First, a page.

The RSGS robotic arm developed by DARPA has passed all major tests and is being prepared for integration with the Northrop Grumman satellite. From 2025, it will be used to service satellites in geosynchronous orbits.
Robotic arm from DARPA
Representatives of the Defense Advanced Research Projects Agency of the US Department of Defense (DARPA) announced that the robotic arm they developed has passed all critical tests. It is based on the Robotic Servicing of Geosynchronous Satellites (RSGS) program and is now awaiting integration with the Northrop Grumman spacecraft.
The goal of the RSGS project is to create an apparatus that could serve satellites in orbit. Back in 2007, an experiment conducted in orbit proved this possibility. The program initially assumed the participation of a commercial satellite operator. In 2017, SSL was chosen for this role.
However, in 2019 Maxar Technologies, which is the parent company of SSL, announced its withdrawal from the project. Therefore, in 2020, Northrop Grumman and its subsidiary Space Logistics became a new partner of DARPA. They have developed the Mission Robotic Vehicle, which will become a platform for placing a robotic arm.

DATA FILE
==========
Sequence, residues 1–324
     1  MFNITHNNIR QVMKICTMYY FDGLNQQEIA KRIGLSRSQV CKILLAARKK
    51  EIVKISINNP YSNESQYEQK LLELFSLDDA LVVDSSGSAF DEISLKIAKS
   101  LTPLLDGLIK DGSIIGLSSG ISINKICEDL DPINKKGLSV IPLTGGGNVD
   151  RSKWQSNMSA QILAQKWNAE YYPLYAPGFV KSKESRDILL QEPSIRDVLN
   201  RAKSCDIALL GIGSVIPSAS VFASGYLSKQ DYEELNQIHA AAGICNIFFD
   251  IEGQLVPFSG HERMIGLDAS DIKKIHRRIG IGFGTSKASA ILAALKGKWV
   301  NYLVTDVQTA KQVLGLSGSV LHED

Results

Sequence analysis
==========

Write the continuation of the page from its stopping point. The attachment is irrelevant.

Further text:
Which satellites will RSGS serve
In general, on each Mission Robotic Vehicle, DARPA will install two of its robotic arms, equipment for checking and calibrating equipment in orbit, ports for storing equipment, cameras and lighting.
The RSGS robotic arm will be launched into orbit at the end of 2024 and should begin its work in 2025. Its main task will be the maintenance of satellites in geosynchronous orbit of the Earth. It has already been announced that its first customers will be the devices of Australia’s largest satellite operator Optus.
Mission Robotic Vehicle should install additional Mission Extension Pods jet modules on the satellites. They will allow the satellites, each weighing two tons, to work for several more years. In addition, when the service vehicle is launched, several more jet modules will be put into orbit. However, it is not reported for the satellites of which companies they are intended for.
According to spacenews.com
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